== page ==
Thursday, October 23, 2014
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The Nobel Prize and Einstein's Ghost

This December 10 th marks the one hundredth anniversary of when the first Nobel Prizes were awarded. Ever since, they have been a subject of great interest and debate.

Alfred Nobel died on 10 December 1896. When his will was opened it was found that he had donated his considerable wealth to creating the prizes that bear his name. Five prizes were mentioned: physics, chemistry, physiology or medicine, literature and peace; and four prize-awarding institutions named: the Royal Swedish Academy of Sciences (for physics and chemistry), the Karolinska Institutet (for physiology or medicine), the Swedish Academy (for literature) and a group appointed by the Norwegian Parliament, later called ``The Norwegian Nobel Committee'' (for peace). Sweden and Norway were then tied together in a union.

Since the creation of the Nobel prizes, more than 650 medals and diplomas have been given away in the original prize areas. A prize in economic sciences in memory of Alfred Nobel was established by the Bank of Sweden in 1968. Most of these prizes are connected with scientific breakthroughs, literary masterpieces and attempts to make peace in a violent century.

The thread running though all the stories of the prize winners is the concept of creativity: both individual creativity and creative environments. One story - that of a Nobel Laureate in Physics, Albert Einstein - is particularly explicative of the process. Perhaps the most common question about the Nobel Prize in Physics is this: ``Why didn't Einstein get the prize for his theory of relativity?''

At the age of 26, during his ``annus mirabulis'' of 1905, Einstein published three papers that were to influence the entire 20 th century, not only in physics. One of these papers concerned the special theory of relativity, which describes how space and time, or mass and energy, are mixed at high speeds. One paper describes the ``Brownian motion,'' the irregular motion performed by small particles in a liquid as a result of their collisions with the liquid molecules. The third paper, finally, explains the photo-electric effect, why light can make electricity leave metal surfaces, something we apply in ordinary photocells.

Of the three theories, the theory of relativity became the most written about and discussed. When the Royal Swedish Academy of Sciences year after year asked scientists for their nominations, many answered that Einstein deserved the Nobel Prize in Physics for his special theory of relativity. But the Nobel Committee for Physics didn't agree, and for years no prize was awarded to Einstein!

At first the Nobel Committee argued that the theory might be wrong and wrote that it would be best to wait for experimental evidence that confirmed Einstein's theory. When Einstein managed to generalise his theory and introduced the curved space-time, in which light bends around heavy astronomical bodies, the number of nominations increased even more.

But the Nobel Committee for Physics had a powerful member, Allvar Gullstrand, professor at Uppsala University and Nobel Laureate in Physiology or Medicine 1911 for his work on how the light bends in the eye. In his opinion, Einstein was wrong, and he tried to prove it by making his own calculations. Today, we know that Gullstrand was wrong, but his opposition was enough to block the prize-awarding process.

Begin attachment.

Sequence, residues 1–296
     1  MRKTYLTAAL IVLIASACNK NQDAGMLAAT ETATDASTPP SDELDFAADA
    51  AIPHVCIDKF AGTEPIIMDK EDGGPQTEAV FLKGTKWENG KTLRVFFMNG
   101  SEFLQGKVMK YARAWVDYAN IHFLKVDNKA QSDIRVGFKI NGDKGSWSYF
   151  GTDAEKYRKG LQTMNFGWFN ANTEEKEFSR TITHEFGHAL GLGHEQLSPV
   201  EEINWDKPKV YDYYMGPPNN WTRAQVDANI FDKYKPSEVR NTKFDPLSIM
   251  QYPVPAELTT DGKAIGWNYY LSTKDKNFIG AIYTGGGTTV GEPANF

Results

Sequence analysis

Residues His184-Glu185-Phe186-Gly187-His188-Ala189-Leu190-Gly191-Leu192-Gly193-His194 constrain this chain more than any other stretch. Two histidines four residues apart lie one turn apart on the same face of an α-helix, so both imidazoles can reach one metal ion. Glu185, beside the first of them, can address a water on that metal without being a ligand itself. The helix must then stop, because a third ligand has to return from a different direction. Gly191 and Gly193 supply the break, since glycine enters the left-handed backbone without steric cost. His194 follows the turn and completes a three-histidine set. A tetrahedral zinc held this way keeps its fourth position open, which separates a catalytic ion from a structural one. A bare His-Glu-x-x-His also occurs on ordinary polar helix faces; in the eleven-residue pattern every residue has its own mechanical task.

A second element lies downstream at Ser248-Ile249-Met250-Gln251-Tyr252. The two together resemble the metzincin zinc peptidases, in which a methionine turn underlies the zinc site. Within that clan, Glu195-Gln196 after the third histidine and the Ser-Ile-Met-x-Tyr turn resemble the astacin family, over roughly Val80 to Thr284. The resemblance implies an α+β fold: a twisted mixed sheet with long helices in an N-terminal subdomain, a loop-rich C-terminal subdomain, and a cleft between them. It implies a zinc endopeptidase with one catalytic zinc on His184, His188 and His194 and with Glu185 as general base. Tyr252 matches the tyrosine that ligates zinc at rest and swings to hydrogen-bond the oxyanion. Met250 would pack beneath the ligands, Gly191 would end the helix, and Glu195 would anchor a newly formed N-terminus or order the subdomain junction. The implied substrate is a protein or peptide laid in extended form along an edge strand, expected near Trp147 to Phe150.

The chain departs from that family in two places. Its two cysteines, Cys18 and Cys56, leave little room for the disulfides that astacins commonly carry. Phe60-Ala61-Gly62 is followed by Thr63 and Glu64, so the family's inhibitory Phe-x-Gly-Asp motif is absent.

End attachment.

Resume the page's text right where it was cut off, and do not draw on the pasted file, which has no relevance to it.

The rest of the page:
In Uppsala, however, another professor, Carl Wilhelm Oseen, a specialist on mathematical physics, understood Einstein's theories and had also understood the power balance in the Nobel Committee for Physics. As a newly elected member of the Academy, in 1921 he was the first to propose giving to Einstein a Nobel Prize for his work on the photoelectric effect. This single nomination made the wheels begin to turn in Einstein's favor.

Oseen was made a member of the Nobel Committee and wrote a positive report on the theory of the photoelectric effect. The very next year, Albert Einstein was awarded the 1921 Nobel Prize in Physics ``for his services to Theoretical Physics, and especially for his discovery of the law of the photoelectric effect.''

So was the Royal Academy of Sciences mistaken in not giving its award of a Nobel Prize to Einstein for what most people would consider his most important intellectual discovery? Many have argued that this is the case. But one has to study a little bit more history of physics before making the final judgment.

In this history it is clear that Einstein's paper from 1905 not only explained the photoelectric effect, but also initiated something of a greater magnitude, something revolutionary: it introduced the concept of the photon, the wave-particle which not only lies at the heart of our understanding of both micro- and macrocosmos, but which led to technical applications such as medical laser scalpels and the laser diodes of the Internet. With regard to the text of Alfred Nobel's will, which requires that a Nobel Laureate confer the greatest benefit on mankind, Einstein's introduction of the photon by far surpasses the theory of relativity!

Today the work of the five Nobel Committees goes on, mainly along the same lines as at the beginning of the 20 th century. The big difference is the number of nominations, which today tend to run in the several hundreds. If a new Albert Einstein is hidden somewhere among the hundreds of candidates, only the future will tell!

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